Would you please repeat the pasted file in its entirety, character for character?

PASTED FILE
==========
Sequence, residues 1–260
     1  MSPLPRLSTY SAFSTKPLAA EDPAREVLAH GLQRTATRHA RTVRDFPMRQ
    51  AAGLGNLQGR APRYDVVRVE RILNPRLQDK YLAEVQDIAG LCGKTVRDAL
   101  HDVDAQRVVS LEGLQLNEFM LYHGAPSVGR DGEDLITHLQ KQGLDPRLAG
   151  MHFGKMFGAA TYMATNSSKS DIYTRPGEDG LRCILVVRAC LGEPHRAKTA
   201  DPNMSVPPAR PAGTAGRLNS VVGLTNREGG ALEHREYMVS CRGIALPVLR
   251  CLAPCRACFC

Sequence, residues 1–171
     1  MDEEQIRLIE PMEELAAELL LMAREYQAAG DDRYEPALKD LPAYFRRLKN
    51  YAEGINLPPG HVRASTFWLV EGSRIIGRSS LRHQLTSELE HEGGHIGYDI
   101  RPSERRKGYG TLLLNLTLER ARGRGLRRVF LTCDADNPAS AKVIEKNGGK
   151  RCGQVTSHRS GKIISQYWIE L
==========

Sequence, residues 1–260
     1  MSPLPRLSTY SAFSTKPLAA EDPAREVLAH GLQRTATRHA RTVRDFPMRQ
    51  AAGLGNLQGR APRYDVVRVE RILNPRLQDK YLAEVQDIAG LCGKTVRDAL
   101  HDVDAQRVVS LEGLQLNEFM LYHGAPSVGR DGEDLITHLQ KQGLDPRLAG
   151  MHFGKMFGAA TYMATNSSKS DIYTRPGEDG LRCILVVRAC LGEPHRAKTA
   201  DPNMSVPPAR PAGTAGRLNS VVGLTNREGG ALEHREYMVS CRGIALPVLR
   251  CLAPCRACFC

Sequence, residues 1–171
     1  MDEEQIRLIE PMEELAAELL LMAREYQAAG DDRYEPALKD LPAYFRRLKN
    51  YAEGINLPPG HVRASTFWLV EGSRIIGRSS LRHQLTSELE HEGGHIGYDI
   101  RPSERRKGYG TLLLNLTLER ARGRGLRRVF LTCDADNPAS AKVIEKNGGK
   151  RCGQVTSHRS GKIISQYWIE L